For Immediate release July 14th 2009
New Report Shows Test Cricket Threatened
A new report has highlighted the threats to the future of test cricket and suggests that unless swift action is taken to protect the format, it is in danger of dying out.
Twenty20 Vision, The Commercial Future of Cricket, published by International Marketing Reports, analyses the growth of Twenty20 and shows that the consequent commercial pressures now threaten all other cricket formats.
Cricket and business writer, David Smith, author of the report, says that to understand the way the game will develop, it is important to look at the revenue streams.
“There is no doubt that Twenty20 is having a massive impact on the sport. The biggest television rights deals, worth more than $1 billion each, are now for Twenty20 series formats such as the Indian Premier League (IPL), the Champions League Tournament and the International Cricket Council events, which includes the ICC World Twenty20. On the face of it, the income is good news for cricket, but there is a major downside. The fixture list is becoming ever more crowded and top players are putting the lucrative Twenty20 matches first.
“In India and the West Indies, interest in test cricket is falling dramatically among both fans and players. If two of the big five test nations no longer take the format seriously, and the best Australian, English and South African players consider the IPL a priority, it suggests that test cricket is in real danger of being marginalised.”
The report, which analyses commercial strategies, TV revenues, sponsorship income and attendance from cricket around the world, shows that after a period of decline, attendance at English and Australian cricket overall has stabilised, but that is mainly down to the impact of Twenty20.
It also demonstrates that the balance of power in cricket has shifted firmly towards India.
“Lalit Modi, chairman of the IPL, has recently stated that the IPL’s success could lead to a second series each, one that might travel the globe”, says Smith.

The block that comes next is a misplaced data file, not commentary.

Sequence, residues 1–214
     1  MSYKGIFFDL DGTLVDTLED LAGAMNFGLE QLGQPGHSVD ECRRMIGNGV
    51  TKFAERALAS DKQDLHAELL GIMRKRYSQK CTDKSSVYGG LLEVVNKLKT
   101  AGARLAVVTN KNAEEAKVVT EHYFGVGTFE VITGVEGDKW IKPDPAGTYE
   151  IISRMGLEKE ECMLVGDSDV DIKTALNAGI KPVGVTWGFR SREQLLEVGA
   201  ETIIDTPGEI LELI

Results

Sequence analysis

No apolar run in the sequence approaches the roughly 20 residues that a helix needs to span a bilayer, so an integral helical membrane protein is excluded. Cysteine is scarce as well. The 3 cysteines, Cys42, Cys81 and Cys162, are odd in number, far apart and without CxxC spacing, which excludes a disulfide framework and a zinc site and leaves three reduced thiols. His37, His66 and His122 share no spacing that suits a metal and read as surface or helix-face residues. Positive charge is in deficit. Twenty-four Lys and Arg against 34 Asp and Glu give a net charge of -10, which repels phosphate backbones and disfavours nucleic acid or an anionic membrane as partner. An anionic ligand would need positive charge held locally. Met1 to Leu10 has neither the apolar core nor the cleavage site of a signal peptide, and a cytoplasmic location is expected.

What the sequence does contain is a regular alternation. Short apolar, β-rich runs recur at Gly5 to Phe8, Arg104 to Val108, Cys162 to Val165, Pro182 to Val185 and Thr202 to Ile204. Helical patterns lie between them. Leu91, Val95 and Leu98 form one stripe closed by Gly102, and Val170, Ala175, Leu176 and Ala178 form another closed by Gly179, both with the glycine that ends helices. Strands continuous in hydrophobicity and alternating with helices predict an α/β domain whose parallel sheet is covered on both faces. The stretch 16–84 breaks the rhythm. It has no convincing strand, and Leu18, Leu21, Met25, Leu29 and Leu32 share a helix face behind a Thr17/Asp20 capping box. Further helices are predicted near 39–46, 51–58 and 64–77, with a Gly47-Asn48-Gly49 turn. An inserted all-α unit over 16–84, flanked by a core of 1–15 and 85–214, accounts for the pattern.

“If this happens it will put more pressure on schedules in other countries. Already the ECB has cut the domestic calendar to accommodate its two Twenty20 competitions.
But it was noticeable that this year’s test series against between England and the West Indies was compromised by the fact that key players had only just returned from their IPL commitments and this definitely had an effect.”
The report also analyses the commercial strategies of clubs and sponsors and shows that clubs in particular need to do more to attract fans. It cites the example of Yorkshire CCC, which has developed a major community programme that sees almost 100,000 people per year engage with the club.
“Clubs cannot simply rely on Twenty20 to magically deliver new revenues,” says Smith.
“They need to be much more proactive in their commercial operations. The world has changed dramatically and cricket is just one of many leisure options. The sport, therefore, has to market itself much better. Twenty20 has successfully attracted new interest, but there is a lot more that can be done. The Yorkshire case study featured demonstrates the potential to reach out to all sections of the community and get people interested in both playing and watching cricket.”
The report discusses the strategies of all interested parties including clubs, governing bodies, TV companies and sponsors. It shows how they can maximise their investments and recommends options to secure the future of the sport.
It floats the idea of a quadrennial Test cricket World Cup as a way of reviving global interest in the format.
For more information and to arrange an interview with the author contact:
International Marketing Reports Ltd
+44 (0) 1227 731099
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